Nigel Kennedy is one of the most genuinely inspired artists of our age, and he has always remained so, despite periodic posturings and some ropy stylistic experimentation. He brings gorgeously expressive tone, instinctive insight and now maturity – compare Joshua Bell – that penetrates below the surface allure to what a composer’s notes and textures really indicate. He remains, without any doubt, one of the all-time greats: given his additional bite, some might even aver him the Heifetz of his era.
Heifetz would have relished this repertoire. Emil Mlynarski (1870–1935) was one of last century’s supreme conductors, the intimate of Rubinstein, Szymanowski and Karlowicz, whose Violin Concerto is now recognised as one of the most lyrical outpourings of the genre.
A violin pupil of Leopold Auer, Mlynarski was no dabbler in composition. To his forceful concerto Kennedy brings a marked tenderness without any saccharine succulence. He is positively gleaming in the opening Allegro’s impassioned cadenza, and in the nocturnal Andante’s exploratory questionings, where the famed Polish orchestra under the admirable Jacek Kaspszyk beautifully matches Kennedy’s sensitive gradations of dynamic: the soloist’s harmonic-tinged second half is mesmerising.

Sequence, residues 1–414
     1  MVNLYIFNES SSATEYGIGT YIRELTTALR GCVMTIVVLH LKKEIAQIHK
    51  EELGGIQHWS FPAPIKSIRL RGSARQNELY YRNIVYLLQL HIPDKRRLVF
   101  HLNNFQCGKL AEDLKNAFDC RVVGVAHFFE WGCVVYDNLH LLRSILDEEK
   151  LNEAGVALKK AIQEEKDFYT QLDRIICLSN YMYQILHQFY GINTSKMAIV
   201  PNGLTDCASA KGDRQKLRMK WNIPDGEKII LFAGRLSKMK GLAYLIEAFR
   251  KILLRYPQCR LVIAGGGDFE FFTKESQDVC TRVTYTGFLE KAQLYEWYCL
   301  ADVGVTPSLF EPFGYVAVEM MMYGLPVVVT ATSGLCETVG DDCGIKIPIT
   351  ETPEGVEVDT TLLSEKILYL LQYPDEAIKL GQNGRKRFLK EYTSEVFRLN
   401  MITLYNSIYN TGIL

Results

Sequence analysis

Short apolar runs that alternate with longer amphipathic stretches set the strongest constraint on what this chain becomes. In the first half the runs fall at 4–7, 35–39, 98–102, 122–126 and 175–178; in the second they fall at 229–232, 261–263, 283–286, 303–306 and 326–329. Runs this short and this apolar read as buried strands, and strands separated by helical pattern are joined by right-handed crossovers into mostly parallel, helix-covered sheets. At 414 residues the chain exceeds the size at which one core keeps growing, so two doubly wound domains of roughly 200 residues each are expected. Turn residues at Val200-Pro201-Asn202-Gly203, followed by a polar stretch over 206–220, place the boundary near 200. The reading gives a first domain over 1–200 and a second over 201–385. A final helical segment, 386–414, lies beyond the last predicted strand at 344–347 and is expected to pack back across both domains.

Performances of Karlowicz’s youthful concerto are slowly blossoming on disc (including one on Hyperion); but the playing of the central Romanza is unlikely to find a nobler, purer exponent than Kennedy in this masterly reading – or a soloist who brings greater rhythmic assurance to Karlowicz’s beautiful long line. The finale is brilliant from start to finish, as Kennedy’s passion for this music simply pours out. The first Chopin nocturne is utterly magical, the second charming. EMI’s sound is to die for.